## B  Coordinate transformation details

Particle positions and vectors defined on the particles can be plotted in non-cartesian coordinate systems. The coordinate system can be set via the particle plot o)ptions menu, via the ``change coordinate system'' option. The actual coordinate transformations are defined in a standalone Fortran module called `geometry.f90` and the precise details can be determined by looking in this file. For reference, however the transformations are given below.

### B.1   Cylindrical Polar Coordinates

For cylindrical coordinates the transformations are:

\$r & = &
 \$x^2 + y^2\$
& & x & = & rcosφ\$
\$φ& = & tan-1(y/x) &; & y & = & rsinφ\$
\$z & = & z & & z & = & z\$
\$\$

where vectors transform according to:

\$v_r & = & v_x
 x r
+ v_y
 y r
& & v_x & = & v_r cosφ- v_φsinφ\$
\$v_φ& = & v_x

 -y r

+ v_y

 x r

&; &v_y & = & v_r sinφ+ v_φcosφ\$
\$v_z & = & v_z & & v_z & = & v_z. \$
\$\$

In the case where these vectors are velocities, the \$v_φ\$ component corresponds to \$v_φ = rφ\$.

### B.2   Spherical Polar Coordinates

For spherical coordinates the transformations are:

\$r & = &
 \$x^2 + y^2 + z^2\$
& & x & = & rcosφsinθ\$
\$φ& = & tan-1(y/x) &; & y & = & rsinφsinθ\$
\$θ& = & cos-1(z/r) & & z & = & rcosθ\$
\$\$

where vectors transform according to:

\$v_r & = & v_x
 x r
+ v_y
 y r
+ v_z
 z r
& & v_x & = & v_r cosφsinθ- v_φsinφ+ v_θcosφcosθ\$
\$v_φ& = & v_x

-y
 \$x^2 + y^2\$

+ v_y

x
 \$x^2 + y^2\$

&; &v_y & = & v_r sinφsinθ+ v_φcosφ+ v_θ sinφcosθ\$
\$v_θ& = & v_x
xz
 \$x^2 + y^2\$
+ v_y
yz
 \$x^2 + y^2\$
- v_z
(x^2 + y^2)
r
 \$x^2 + y^2\$
& & v_z & = & v_r cosθ- v_θsinθ. \$
\$\$

In the case where these vectors are velocities, the components \$v_φ\$ and \$v_θ\$ correspond to \$v_φ = rsinθφ\$ and \$v_θ = rθ\$ respectively.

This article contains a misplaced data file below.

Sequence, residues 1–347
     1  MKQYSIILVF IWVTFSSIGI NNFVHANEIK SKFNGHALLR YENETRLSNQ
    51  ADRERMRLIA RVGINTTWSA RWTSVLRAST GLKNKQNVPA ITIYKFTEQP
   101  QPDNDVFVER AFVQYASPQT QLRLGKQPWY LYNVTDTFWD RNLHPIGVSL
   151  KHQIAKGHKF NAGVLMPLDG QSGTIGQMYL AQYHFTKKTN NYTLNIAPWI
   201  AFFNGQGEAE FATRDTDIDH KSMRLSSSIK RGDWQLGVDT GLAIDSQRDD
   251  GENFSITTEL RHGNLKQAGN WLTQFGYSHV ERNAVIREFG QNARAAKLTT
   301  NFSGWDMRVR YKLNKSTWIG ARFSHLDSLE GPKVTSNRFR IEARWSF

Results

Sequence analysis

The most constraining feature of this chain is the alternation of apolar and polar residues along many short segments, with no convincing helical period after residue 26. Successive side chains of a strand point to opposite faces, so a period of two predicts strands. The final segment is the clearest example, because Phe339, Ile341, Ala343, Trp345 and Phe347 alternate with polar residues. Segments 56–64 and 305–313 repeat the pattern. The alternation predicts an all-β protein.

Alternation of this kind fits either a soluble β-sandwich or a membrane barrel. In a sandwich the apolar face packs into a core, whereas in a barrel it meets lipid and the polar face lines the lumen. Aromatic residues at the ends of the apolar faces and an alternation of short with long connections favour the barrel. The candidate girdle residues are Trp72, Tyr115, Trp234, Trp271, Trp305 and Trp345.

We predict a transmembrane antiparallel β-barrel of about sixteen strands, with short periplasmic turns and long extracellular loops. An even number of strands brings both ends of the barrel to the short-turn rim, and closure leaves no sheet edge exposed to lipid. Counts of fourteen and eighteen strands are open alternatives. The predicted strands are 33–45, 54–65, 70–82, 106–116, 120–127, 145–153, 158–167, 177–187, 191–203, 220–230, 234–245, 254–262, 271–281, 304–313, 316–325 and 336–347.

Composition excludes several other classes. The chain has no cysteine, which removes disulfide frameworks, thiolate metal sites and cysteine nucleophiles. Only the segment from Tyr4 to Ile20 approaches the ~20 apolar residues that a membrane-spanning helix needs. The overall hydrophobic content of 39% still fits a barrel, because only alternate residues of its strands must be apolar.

### B.3   Toroidal Coordinates

Toroidal coordinates represent a local frame of reference inside a torus. The coordinate transformations are given by

\$r & = &
 \$[(x^2 + y^2)^1/2 - R]^2 + z^2\$
& & x & = & (rcosθ+ R) cosφ\$
\$θ& = & tan-1

z
(
 \$x^2 + y^2\$
- R)

&; & y & = & (rcosθ+ R)sinφ\$
\$φ& = & tan-1(y/x) & & z & = & rsinθ\$
\$\$

where \$R\$ is the radius of the torus. The use of the inverse tangent in \$θ\$ instead of \$θ= sin-1(z/r)\$ is necessary to get the quadrant correct (via the `atan2` function). Vectors transform according to:

\$v_r & = & v_x
 x(r_cyl - R) r r_cyl
+ v_y
 y(r_cyl - R) r r_cyl
+ v_z
 z r
& & v_x & = & v_r cosθcosφ- v_θsinθcosφ- v_φsinφ\$
\$v_θ& = & v_x
 -zx r r_cyl
+ v_y
 -zy r r_cyl
+ v_z
 (r_cyl - R) r
&; &v_y & = & v_r cosθsinφ- v_θsinθsinφ+ v_φcosφ\$
\$v_φ& = & v_x

 -y r_cyl

+ v_y

 x r_cyl

& & v_z & = & v_rsinθ+ v_θ cosθ\$
\$\$

where we have defined, for convenience, \$\$ r_cyl = √x^2 + y^2 = rcosθ+ R. \$\$ The torus radius \$R\$ is a parameter in the `geometry` module and is set to \$1\$ by default.

SPLASH: A visualisation tool for SPH data ©2004–2014Daniel Price.
http://users.monash.edu.au/~dprice/splash/